Jabeen Kausar becomes the first female Deputy Superintendent of Police (DSP) in Azad Kashmir, Pakistan.
“As a child, when I saw soldiers parading on television, I wanted to do the same, but then I thought, ‘I’m a girl, not a boy, only boys can do that.’ I remembered this as I walked through the women’s contingent as a police officer at the Sihala Police Training Center. I was happy that God granted my wish.”
Jabeen Kausar joined the police department in Pakistan-administered Kashmir in 1995 as an Assistant Sub-Inspector (ASI). Her journey of development spans 25 years which was not so easy. The DSP says that her father never believed in differences between a son and a daughter.
“I did everything my brother used to do, my father taught me to ride horses and shoot. My mother used to say why are you teaching all this to girls, then Abu used to say there is no difference between boys and girls,” she reminisced. Kausar’s father was a captain in the Pakistan Army. Due to his deployment in different cities of Pakistan, Jabeen Kausar received her early education first from Hyderabad and then from Narrowal.
While pursuing her post-graduate degree in 1995, she joined the Azad Kashmir Police. Jabeen says that at that time there was no positive thinking about women joining the police departments and forces.
Jabeen Kausar said, “I did not like the police force but my father-in-law, who were also a part of the Pakistan Army, convinced me that no department is not good or bad. It exists from humans and you and I make it.” She also tells the women who come to join the forces, “Although 25 years ago I did not consider the police to be a suitable department for women, but today I consider it to be the best department for my daughter as well.”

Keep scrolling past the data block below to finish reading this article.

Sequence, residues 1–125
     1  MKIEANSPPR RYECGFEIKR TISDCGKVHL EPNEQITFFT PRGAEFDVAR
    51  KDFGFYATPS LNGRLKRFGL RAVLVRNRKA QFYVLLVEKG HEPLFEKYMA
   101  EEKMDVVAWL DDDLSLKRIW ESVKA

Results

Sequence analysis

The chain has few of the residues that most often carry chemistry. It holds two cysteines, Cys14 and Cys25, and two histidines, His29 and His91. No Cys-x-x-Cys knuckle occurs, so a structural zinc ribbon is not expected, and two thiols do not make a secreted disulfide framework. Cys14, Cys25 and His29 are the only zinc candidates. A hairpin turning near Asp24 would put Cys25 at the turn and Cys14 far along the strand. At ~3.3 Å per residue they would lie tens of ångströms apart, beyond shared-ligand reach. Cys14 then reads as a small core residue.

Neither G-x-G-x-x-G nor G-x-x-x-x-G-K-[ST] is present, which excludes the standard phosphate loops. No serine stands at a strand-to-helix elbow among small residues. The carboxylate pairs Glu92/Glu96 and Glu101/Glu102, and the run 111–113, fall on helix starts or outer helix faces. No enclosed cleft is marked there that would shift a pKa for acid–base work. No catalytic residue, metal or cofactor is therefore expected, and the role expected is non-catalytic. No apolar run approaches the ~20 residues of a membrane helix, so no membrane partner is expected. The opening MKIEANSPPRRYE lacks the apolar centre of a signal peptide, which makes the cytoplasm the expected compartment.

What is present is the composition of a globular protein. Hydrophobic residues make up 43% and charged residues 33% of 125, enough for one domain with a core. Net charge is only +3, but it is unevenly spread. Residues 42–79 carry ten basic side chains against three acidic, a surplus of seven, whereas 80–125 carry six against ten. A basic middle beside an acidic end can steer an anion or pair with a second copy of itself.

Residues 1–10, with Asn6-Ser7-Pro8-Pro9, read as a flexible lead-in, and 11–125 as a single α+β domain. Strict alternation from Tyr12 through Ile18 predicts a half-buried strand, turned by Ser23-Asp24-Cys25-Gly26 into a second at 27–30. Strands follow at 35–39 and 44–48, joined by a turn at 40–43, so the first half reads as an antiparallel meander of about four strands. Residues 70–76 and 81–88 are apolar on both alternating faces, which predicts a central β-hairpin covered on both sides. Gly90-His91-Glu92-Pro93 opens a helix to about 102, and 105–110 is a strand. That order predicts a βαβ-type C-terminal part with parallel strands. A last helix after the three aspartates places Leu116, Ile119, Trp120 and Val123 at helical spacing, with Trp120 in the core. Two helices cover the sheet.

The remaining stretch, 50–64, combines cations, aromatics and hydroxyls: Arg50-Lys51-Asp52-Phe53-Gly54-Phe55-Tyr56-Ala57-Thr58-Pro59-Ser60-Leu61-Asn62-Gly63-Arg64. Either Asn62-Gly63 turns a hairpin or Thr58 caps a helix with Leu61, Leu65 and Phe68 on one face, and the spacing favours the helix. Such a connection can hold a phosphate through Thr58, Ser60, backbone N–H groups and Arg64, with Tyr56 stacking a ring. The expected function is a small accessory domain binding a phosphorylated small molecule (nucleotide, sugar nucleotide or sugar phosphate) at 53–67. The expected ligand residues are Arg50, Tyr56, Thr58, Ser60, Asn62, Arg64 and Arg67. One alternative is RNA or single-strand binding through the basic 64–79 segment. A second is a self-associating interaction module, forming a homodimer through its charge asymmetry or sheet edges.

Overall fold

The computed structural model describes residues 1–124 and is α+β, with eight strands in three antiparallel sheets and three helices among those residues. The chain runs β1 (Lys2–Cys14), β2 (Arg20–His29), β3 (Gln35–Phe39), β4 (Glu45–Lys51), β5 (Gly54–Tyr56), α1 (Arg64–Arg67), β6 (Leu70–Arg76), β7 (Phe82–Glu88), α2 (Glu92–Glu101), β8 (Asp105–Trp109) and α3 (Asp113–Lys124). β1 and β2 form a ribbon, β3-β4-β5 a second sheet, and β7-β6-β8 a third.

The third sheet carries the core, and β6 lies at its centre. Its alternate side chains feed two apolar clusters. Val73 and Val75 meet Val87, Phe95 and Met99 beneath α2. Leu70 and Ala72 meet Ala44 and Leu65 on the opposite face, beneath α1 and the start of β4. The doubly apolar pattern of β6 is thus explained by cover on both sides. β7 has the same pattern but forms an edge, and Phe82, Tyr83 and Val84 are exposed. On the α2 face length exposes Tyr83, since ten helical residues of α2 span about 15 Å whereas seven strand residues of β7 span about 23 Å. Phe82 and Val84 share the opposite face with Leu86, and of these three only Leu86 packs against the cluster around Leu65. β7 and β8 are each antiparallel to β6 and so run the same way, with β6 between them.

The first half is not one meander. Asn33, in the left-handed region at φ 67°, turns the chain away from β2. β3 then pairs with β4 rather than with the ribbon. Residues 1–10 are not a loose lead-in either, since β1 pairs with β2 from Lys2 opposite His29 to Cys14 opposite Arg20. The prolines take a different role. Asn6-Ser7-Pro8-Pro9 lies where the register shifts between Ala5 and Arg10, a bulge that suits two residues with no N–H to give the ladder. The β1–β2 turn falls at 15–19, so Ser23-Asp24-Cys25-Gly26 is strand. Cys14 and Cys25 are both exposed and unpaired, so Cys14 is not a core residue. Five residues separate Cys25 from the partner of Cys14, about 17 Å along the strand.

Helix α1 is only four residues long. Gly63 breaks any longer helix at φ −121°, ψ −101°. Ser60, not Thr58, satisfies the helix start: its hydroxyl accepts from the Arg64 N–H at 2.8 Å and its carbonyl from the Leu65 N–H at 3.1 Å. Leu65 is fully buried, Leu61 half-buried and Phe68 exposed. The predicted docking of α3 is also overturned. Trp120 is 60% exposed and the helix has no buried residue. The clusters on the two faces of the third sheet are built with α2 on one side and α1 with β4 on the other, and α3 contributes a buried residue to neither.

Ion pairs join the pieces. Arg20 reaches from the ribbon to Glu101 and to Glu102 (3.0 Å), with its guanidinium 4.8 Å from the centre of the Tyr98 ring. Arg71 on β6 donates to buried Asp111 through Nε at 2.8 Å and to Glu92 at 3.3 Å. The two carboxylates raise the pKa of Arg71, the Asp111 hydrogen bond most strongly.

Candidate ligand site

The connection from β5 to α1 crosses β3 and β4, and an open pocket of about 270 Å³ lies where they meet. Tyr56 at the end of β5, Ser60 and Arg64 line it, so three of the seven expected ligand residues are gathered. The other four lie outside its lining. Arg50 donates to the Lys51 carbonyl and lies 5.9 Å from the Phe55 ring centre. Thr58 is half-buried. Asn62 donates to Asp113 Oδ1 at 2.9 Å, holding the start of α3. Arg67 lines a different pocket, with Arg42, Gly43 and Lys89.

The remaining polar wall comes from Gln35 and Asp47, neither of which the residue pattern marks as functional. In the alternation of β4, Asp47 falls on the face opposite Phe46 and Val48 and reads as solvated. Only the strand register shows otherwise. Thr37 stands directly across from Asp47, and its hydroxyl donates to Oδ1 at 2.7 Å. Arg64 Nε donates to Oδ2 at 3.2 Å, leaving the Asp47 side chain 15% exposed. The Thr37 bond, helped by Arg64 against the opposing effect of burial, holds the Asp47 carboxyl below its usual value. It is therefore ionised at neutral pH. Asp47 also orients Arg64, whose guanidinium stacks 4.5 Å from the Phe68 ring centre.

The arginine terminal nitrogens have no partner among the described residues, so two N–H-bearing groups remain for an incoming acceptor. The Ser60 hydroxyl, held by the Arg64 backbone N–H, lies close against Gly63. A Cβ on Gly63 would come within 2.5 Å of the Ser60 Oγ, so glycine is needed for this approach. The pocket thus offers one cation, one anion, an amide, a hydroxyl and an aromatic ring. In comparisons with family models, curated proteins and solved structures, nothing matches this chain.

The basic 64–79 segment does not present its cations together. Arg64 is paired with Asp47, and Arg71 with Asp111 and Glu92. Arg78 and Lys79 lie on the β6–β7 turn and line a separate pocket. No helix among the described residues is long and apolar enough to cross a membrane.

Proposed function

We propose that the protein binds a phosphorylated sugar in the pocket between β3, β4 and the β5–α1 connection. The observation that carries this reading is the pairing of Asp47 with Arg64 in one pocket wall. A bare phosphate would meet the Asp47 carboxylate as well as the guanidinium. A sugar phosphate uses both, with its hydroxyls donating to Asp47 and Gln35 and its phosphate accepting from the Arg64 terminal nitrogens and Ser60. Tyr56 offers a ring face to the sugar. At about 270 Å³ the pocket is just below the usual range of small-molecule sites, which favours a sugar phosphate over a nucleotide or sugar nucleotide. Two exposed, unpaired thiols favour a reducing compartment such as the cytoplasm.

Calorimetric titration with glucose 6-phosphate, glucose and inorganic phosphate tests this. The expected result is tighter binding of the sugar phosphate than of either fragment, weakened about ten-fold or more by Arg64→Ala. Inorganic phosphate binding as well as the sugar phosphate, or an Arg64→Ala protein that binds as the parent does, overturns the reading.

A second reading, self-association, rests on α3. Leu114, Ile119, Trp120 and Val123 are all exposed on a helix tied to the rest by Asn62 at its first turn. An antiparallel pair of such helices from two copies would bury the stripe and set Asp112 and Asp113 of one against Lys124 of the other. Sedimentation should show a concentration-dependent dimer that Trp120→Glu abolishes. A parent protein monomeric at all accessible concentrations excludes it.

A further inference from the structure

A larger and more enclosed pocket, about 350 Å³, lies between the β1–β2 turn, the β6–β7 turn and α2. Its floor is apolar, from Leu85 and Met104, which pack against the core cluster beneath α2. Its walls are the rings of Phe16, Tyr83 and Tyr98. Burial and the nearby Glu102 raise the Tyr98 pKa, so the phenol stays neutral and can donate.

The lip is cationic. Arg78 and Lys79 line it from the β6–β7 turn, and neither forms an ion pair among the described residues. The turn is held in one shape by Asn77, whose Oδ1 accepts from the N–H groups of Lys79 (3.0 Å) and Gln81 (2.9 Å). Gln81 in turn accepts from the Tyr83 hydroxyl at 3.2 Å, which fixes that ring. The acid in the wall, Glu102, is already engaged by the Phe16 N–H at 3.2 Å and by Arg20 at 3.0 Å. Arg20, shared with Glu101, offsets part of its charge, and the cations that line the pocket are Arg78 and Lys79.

The DSP claims to be in one of the first batches of female officers to join the police force in 1995. She explains her struggles as a woman and told the media outlets that during her training, Jabeen Kausar won first place in all courses. However, the officers were not convinced of her abilities.
“They did not believe women could be good at firing, hence, they made me compete with ten boys. I was shot at different stages. I did well in them too. I got eight out of ten certificates.”
The result of her excellent performance was that as soon as Jabeen Kausar returned from training, the IG Police promoted her to the post of Sub-Inspector. DSP Jabeen Kausar said that even though her career started well due to the support of the officers, the journey to DSP was not easy for her.
Jabeen had to wait for over 12 years to get where she is. “My progress has been greatly delayed,” she said. “On merit, I was to be promoted as an inspector in 1998, which was given to me in 2011.” Yet, being the first female DSP of a disputed territory, Jabeen Kausar remains an inspiration for women all over the world.
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